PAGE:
In the Sermon on the Mount, Jesus told his disciples: “Where your treasure is, there your heart will be also.” (Matt. 6:21) In some Christian circles, this verse is often accompanied by a warning against worldly wealth and/or a moral impetus to donate to various Christian causes. And while Jesus did warn against the perils of putting too much stock in possessions and material posterity and encourage radical self-giving, this passage illuminates another deep truth.
A common sense view of desires
The common sense view of human desire among many Christians and non-Christians is that our desires are fixed and immutable. We simply desire that which we desire and don’t desire that which we don’t desire. That’s that.
We’re then told to go about pursuing our desires. We’re encouraged to “do what you love” and live the Burger King “Have It Your Way” lifestyle. And with relationships, we simply need to find the “special someone” with whom we have that perfect chemistry, and if that chemistry is lost or we “fall out of love”, then it’s time to pack up and move on. After all, we can’t control our heart and desires, right? That’s just the way it is. Our affections are beyond our control, and it is our job to order our lives and actions around those immutable affections. Our actions follow our affections.
Jesus’ teaching about desires
And yet, Jesus’ message is radically opposed to this kind of thinking. Rather than seeing our desires and affections as being fixed and intransigent, Jesus tells us that our affections follow our actions: “Where your treasure is, there your heart will be also.” Our heart follows our treasure. We treasure that which we choose to treasure and our affections follow suit. Our affections grow toward whatever we treasure.
This truth is simultaneously profound and backward:
- The world says to treasure and desire those things for which we have desires and affections.
- But Jesus says that our affections and desires grow toward those things which we treasure.
We determine where our heart lies by what we treasure. Jesus reverses the order of action and affection: our affections follow our actions.
No room left for passive affections
This has major implications for basically all areas of life. Jesus’s teaching leaves no room for the passive view of affection that maroons us on the island of innate desire. We have the ability to invest in and treasure those areas of our lives where we would like to cultivate affection and desire. Treasuring is an action. You treasure something when you invest in it. Jesus promises that your heart will follow your investments in life.
This applies to more than mere monetary investing. When you invest in a relationship, you heart will naturally grow in love and affection for that person. When you invest in a skill, your heart will grow in desire for that activity. When you invest in your work, your affections will grow for the work that you do. Investing is simply pouring of oneself with the hope that fruit will be reaped.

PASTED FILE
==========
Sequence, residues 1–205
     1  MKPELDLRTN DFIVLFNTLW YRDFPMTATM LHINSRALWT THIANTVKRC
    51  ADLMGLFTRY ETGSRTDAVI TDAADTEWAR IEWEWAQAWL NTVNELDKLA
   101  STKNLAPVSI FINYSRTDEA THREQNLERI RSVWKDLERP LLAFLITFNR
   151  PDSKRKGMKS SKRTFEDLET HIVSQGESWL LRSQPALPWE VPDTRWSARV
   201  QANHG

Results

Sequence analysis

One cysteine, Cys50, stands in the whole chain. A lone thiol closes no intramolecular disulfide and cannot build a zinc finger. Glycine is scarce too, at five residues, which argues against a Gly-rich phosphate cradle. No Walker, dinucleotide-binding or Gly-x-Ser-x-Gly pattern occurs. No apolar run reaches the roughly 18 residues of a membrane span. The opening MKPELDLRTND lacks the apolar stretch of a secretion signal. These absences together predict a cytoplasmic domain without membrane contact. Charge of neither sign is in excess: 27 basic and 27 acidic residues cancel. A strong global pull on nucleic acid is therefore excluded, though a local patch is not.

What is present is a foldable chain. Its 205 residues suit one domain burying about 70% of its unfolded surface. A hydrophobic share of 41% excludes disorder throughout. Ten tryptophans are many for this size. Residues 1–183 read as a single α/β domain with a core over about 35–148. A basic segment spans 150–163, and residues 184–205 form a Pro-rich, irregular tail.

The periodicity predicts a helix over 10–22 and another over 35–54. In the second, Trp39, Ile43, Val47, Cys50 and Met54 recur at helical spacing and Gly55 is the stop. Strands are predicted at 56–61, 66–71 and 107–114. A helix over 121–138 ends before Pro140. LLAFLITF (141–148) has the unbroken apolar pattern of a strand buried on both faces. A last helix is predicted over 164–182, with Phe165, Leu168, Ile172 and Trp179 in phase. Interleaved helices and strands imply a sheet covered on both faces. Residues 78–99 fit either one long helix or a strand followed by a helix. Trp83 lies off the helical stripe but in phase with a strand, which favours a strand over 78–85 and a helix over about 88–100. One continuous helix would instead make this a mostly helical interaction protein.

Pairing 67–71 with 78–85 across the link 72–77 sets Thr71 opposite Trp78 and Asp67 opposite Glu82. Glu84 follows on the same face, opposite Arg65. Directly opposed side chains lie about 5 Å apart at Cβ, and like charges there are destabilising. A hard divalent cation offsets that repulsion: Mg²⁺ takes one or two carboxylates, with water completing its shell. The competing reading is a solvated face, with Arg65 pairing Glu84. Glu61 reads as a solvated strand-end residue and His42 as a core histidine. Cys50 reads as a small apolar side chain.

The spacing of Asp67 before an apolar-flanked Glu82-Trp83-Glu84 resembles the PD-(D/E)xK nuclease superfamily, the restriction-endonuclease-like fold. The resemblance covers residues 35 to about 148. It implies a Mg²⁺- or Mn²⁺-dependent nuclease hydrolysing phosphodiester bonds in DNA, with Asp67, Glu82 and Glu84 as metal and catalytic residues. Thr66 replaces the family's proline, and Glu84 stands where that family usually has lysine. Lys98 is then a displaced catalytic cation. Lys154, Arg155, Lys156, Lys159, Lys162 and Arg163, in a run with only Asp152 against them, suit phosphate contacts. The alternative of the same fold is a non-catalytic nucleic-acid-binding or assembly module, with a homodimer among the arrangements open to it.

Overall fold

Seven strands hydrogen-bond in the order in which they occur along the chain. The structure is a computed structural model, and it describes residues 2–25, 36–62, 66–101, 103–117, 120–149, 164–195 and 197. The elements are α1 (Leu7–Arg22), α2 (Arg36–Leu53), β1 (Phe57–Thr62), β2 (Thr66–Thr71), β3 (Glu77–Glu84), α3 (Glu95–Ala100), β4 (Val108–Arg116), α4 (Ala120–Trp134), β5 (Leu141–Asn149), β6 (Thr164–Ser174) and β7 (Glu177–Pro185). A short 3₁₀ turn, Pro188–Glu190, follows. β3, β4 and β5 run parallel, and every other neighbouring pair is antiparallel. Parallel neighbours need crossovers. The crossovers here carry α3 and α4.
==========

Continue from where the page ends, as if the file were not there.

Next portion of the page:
Pouring yourself into anyone and anything will ultimately cultivate in you a greater desire for those people and things. It is both paradoxical and counter-intuitive. We would normally think that our affections should determine how much we invest in someone or something, but Jesus says the opposite.
Whether it be with friendships, romantic relationships, our relationship with God, our career, our children, etc., we increase our affections by pouring ourselves out into wherever we desire to increase our affection. It is this attitude that Jesus wants us to have as we walk through life: not that we should be swayed to and fro by the winds of unchecked desire and immutable affections, but that we cultivate desires for the right people, thoughts, and activities.
The Holy Spirit’s influence
As Christians, we have the added benefit of the Holy Spirit who fills us and stirs our affections toward Christ. Scripture exhorts us to “not be anxious about anything, but in every situation, by prayer and petition, with thanksgiving, present your requests to God” (Phil. 4:6) This means that we can also petition God about our desires and affections. In the same way that the father of the demon-possessed boy asked Jesus, “help my unbelief,” (Mark 9:24) we can ask God to stir and condition our affections by his Spirit to grow in God-glorifying directions.
God has not left us at the mercy of our desires. He offers us hope in reminding us that our desires are cultivated and not immutable. And because the Holy Spirit dwells within us, we can trust that he will change our affections toward Christ for the glory of God.
“Now to Him who is able to keep you from stumbling, and to make you stand in the presence of His glory blameless with great joy, to the only God our Savior, through Jesus Christ our Lord, be glory, majesty, dominion and authority, before all time and now and forever. Amen” (Jude 24-25).
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